The man thought to be the mastermind of the robbery, James Burke (who was played by Robert DeNiro in Goodfellas), died of lung cancer in prison back in the 90s. As depicted in the movie, after law enforcement was able to locate the van used in the robbery, a combination of greed and paranoia led Burke to begin killing off most of the people who could connect him to the heist.

  •  Thank you JML9999. (12+ / 0-)

    I just returned from seeing "American Hustle." Good acting, some laughs and who could resist a movie about crooked New Jersey politicians, the mafia and an FBI sting gone nuts.

    The good thing about science is that it's true whether or not you believe in it.― Neil deGrasse Tyson

    by maggiejean on Fri Jan 24, 2014 at 09:48:27 PM PST

  •  Police's stingray tracks protesters via own phones (12+ / 0-)

    Boing Boing: Ukraine government sends text to protesters: "Dear subscriber, you are registered as a participant in a mass disturbance"

    Ukraine's dictatorship is revelling in its new, self-appointed dictatorial powers. The million-plus participants in the latest round of protests received a text-message from the government reading Dear subscriber, you are registered as a participant in a mass disturbance.

    The identification of protesters was almost certainly accomplished with a "Stingray," a fake cellphone tower pioneered by police in the USA, who routinely and secretly deploy them around cities and especially during protests. The Stingray tricks nearby phones into associating with it, giving police a census of who was where, with whom, and where they went. A federal judge found this to be legal, even without a warrant, because he believes you have no expectation of privacy when it comes to having your movements and associations tracked by the police in secret.

    Which is to say that the thing that the Ukrainian police did to those protesters is something that US police forces do routinely to protesters, all the time. The only difference is that American cops don't brag about the fact that they are building dossiers on participants in peaceful, lawful protests by sending taunting and intimidating texts to protesters. Instead, they just build the databases in secret against the day that they're looking for a pretense to arrest someone.

  •  Congress largely oblivious to ocean acidification (12+ / 0-)

    Seattle Times: Acidification fight faces political hurdles

    When U.S. Rep. Brian Baird tried a few years ago to get his colleagues to put more money toward ocean-acidification research, few even understood the issue.

    One congressman, Baird said, confused souring seas with acid rain, and asked, “Didn’t we deal with that 20 years ago?”

    The corrosion of the oceans by carbon-dioxide emissions has barely made a ripple among Washington, D.C.’s power brokers. Little money gets earmarked for research. Ocean change has inspired few stabs at curbing CO2.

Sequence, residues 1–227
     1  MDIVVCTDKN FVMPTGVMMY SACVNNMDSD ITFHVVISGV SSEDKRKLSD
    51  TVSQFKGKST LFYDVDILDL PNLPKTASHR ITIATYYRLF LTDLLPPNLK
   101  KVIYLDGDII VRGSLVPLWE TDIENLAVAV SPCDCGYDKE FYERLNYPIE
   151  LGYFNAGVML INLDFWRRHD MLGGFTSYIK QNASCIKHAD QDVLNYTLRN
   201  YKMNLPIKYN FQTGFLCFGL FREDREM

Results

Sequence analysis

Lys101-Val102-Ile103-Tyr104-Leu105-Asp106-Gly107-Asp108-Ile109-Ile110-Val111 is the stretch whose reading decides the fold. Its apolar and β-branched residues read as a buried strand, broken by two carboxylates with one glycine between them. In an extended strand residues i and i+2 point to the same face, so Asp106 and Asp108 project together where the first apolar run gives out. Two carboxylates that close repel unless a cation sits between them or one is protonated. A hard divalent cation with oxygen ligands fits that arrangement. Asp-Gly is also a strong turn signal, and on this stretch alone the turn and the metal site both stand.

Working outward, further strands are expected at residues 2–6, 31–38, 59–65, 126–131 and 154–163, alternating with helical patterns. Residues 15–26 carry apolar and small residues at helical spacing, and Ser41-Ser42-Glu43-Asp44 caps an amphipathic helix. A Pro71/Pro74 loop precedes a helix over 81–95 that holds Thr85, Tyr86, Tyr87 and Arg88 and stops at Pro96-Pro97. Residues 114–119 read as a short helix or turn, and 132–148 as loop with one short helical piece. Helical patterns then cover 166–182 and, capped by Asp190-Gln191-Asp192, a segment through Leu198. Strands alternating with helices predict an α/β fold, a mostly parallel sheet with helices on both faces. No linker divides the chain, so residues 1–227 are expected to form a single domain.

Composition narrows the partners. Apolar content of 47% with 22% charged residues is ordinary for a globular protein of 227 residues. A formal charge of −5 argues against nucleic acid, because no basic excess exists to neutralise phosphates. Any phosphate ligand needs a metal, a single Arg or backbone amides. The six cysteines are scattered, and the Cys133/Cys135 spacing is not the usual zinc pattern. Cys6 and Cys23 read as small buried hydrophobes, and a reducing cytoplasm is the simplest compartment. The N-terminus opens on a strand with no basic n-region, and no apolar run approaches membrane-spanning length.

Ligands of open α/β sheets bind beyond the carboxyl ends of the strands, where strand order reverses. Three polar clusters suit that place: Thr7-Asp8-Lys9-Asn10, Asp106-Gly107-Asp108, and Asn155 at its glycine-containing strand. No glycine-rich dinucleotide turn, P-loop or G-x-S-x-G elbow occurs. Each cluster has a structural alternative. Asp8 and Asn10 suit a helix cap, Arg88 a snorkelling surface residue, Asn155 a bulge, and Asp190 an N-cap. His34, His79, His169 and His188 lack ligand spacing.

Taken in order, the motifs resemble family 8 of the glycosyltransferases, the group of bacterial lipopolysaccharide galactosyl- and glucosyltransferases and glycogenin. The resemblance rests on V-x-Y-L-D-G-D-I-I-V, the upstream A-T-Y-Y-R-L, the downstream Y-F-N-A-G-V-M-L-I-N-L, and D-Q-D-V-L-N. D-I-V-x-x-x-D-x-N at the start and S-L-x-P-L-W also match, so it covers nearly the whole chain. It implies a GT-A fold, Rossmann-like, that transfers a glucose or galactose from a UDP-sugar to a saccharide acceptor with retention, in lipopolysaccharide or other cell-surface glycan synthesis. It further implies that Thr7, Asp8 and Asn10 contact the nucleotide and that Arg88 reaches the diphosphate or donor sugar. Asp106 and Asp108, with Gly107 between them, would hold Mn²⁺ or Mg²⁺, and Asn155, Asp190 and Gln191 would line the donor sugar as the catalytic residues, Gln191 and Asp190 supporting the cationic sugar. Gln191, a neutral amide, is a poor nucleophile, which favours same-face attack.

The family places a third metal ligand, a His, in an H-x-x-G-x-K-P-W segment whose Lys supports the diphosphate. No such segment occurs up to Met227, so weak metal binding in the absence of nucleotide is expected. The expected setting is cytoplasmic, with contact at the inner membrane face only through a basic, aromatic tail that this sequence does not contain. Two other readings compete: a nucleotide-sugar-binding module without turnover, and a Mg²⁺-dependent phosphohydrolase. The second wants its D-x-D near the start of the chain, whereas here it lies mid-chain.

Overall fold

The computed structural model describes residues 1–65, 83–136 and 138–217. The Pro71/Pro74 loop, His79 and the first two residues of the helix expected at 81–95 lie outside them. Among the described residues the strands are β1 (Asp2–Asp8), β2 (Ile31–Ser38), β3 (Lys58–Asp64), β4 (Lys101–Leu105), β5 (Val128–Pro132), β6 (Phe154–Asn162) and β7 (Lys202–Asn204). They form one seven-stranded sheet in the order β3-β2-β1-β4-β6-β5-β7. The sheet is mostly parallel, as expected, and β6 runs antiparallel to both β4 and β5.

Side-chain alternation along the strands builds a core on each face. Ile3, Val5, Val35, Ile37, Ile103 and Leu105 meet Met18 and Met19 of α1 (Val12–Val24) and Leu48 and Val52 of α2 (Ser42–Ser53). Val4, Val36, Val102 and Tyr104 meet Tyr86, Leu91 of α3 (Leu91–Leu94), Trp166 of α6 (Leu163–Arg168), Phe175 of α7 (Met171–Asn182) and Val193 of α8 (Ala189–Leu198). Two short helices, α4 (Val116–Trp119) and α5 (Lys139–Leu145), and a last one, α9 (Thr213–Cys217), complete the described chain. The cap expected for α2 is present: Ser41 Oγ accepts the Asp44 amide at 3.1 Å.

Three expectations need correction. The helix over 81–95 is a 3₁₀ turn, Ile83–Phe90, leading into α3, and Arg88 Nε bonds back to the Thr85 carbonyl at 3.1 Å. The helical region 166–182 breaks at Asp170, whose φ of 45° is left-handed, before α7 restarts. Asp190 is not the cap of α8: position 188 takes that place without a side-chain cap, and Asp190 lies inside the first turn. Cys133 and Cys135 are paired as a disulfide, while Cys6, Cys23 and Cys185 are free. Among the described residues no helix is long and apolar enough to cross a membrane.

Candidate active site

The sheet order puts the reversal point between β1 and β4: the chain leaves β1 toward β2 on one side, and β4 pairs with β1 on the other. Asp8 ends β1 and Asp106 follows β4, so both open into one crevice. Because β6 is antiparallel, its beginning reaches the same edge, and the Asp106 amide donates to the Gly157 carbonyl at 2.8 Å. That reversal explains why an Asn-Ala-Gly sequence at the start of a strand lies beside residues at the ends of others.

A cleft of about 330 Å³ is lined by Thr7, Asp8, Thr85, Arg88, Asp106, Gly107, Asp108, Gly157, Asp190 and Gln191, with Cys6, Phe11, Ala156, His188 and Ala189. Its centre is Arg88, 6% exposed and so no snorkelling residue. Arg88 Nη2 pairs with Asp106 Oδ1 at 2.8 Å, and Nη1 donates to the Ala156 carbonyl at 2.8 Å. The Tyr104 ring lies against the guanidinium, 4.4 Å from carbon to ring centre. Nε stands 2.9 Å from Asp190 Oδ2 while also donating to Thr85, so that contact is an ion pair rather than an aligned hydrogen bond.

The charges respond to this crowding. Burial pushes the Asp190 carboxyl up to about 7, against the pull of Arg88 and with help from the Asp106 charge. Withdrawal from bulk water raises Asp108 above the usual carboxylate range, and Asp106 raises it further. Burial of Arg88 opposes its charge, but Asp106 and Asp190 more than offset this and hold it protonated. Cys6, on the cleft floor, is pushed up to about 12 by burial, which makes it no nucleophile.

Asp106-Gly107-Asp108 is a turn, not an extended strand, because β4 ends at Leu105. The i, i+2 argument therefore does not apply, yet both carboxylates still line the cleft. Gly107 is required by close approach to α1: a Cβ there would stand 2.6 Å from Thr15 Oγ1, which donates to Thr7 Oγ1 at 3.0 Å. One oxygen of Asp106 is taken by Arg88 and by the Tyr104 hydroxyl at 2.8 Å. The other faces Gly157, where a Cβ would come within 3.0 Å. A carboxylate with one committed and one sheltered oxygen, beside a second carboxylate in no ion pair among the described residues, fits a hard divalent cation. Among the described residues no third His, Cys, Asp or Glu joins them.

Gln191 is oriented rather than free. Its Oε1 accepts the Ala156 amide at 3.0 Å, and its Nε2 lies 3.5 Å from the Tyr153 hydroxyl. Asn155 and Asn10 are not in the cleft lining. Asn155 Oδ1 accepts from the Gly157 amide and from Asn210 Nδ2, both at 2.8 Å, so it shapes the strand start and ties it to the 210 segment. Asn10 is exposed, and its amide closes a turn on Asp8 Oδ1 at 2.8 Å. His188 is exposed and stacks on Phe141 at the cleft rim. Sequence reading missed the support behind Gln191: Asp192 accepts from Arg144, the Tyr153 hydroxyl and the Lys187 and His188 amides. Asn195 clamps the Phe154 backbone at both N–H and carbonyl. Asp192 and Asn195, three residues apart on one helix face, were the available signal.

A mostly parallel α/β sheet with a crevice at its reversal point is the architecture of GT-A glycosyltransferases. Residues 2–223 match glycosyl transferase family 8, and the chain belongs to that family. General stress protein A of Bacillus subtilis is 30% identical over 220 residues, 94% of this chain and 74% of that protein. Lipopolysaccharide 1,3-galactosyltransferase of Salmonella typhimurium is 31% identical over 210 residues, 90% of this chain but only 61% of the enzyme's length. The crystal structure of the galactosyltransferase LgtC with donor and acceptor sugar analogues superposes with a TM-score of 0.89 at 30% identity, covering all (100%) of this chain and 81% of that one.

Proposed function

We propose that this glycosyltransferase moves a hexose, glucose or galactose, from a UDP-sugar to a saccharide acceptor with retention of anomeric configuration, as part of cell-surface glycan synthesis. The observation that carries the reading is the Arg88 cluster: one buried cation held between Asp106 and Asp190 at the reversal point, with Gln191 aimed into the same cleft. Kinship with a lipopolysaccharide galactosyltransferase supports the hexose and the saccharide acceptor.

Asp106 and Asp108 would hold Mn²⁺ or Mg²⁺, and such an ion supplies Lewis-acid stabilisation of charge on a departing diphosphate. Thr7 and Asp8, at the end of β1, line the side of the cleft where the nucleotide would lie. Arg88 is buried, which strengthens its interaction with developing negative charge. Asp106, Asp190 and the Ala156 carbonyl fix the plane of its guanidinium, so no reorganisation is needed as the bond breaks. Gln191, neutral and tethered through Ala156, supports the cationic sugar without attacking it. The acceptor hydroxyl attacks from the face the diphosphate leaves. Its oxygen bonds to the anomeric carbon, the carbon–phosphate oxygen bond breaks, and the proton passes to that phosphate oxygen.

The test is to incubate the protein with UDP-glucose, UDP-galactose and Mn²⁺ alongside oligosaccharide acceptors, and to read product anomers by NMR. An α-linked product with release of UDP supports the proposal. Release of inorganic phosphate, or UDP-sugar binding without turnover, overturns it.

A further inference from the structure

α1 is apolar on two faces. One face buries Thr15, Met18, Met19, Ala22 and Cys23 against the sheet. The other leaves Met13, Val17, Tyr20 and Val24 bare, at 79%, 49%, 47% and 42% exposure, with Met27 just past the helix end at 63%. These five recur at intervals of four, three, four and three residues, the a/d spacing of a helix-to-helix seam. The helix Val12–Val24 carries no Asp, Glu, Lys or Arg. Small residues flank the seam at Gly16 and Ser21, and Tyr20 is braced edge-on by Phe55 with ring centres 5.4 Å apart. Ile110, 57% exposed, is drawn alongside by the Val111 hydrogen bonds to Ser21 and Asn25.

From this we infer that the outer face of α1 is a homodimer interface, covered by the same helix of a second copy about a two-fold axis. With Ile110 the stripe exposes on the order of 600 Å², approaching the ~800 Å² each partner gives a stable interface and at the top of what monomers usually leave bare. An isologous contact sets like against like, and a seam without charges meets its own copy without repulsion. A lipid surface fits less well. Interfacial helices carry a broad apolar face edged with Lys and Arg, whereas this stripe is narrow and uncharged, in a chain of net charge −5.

In fact, aside from West Coast lawmakers and scattered others from coastal regions, few in Congress seem to grasp the scale of the challenge, said current and retired lawmakers from both parties.

    So West Coast states, led by Washington, are now forging ahead largely on their own.

    “This is a profound and unprecedented threat,” said Baird, a Washington Democrat, who stepped down in 2011 and is now president of Antioch University in Seattle. “The existence of marine life as we know it could be profoundly changed by this. And we are scarcely attending to it.”

  •  Thank you, JML9999... (6+ / 0-)
    Recommended by:
    JML9999, maggiejean, HoundDog, palantir, wader, Trix

    Have a good weekend everybody.

    All sane people detest noise. Mark Twain

    by Man Oh Man on Fri Jan 24, 2014 at 10:03:17 PM PST

  •  For Trix (10+ / 0-)

    Apparently, through lack of thoroughness, I missed responding to this comment by Trix:

    I watched a really interesting episode of the PBS documentary series "American Experience" earlier. Ostensibly it was about the birth of Silicon Valley, but the focus was really on the so-called "traitorous eight" who left Shockley Semiconductor Laboratory in the late 50s (shortly after their boss, William Shockley, co-inventor of the transistor, had won the Nobel Prize and become a real dick) to form Fairchild Semiconductor—which eventually gave birth to dozens (100s?) of companies that inhabited the Valley.

    . . .

    I can't think of a single company which operates like that nowadays. I mean, there are plenty of tech companies that have experimental divisions (e.g., Google Labs & Yahoo Labs), but no companies I'm aware of that are primarily focused on innovation for the sake of innovation.

    I mention this all as a sort of corollary to our earlier discussion about invention vs. innovation, vis-à-vis Elon Musk.

    Even the small, startup app-development efforts usually have a money idea in mind as the eventual goal, I feel.

    However, many of those build off technology that was developed for the sake of building something new or creating a cool, highly useful mashup that didn't previously exist.

    e.g., Waze is a great social and gaming-style transportation assistance app . . . but the owners had money in mind from the get-go.  However, they initially built much of it from the earlier, open source RoadMap project.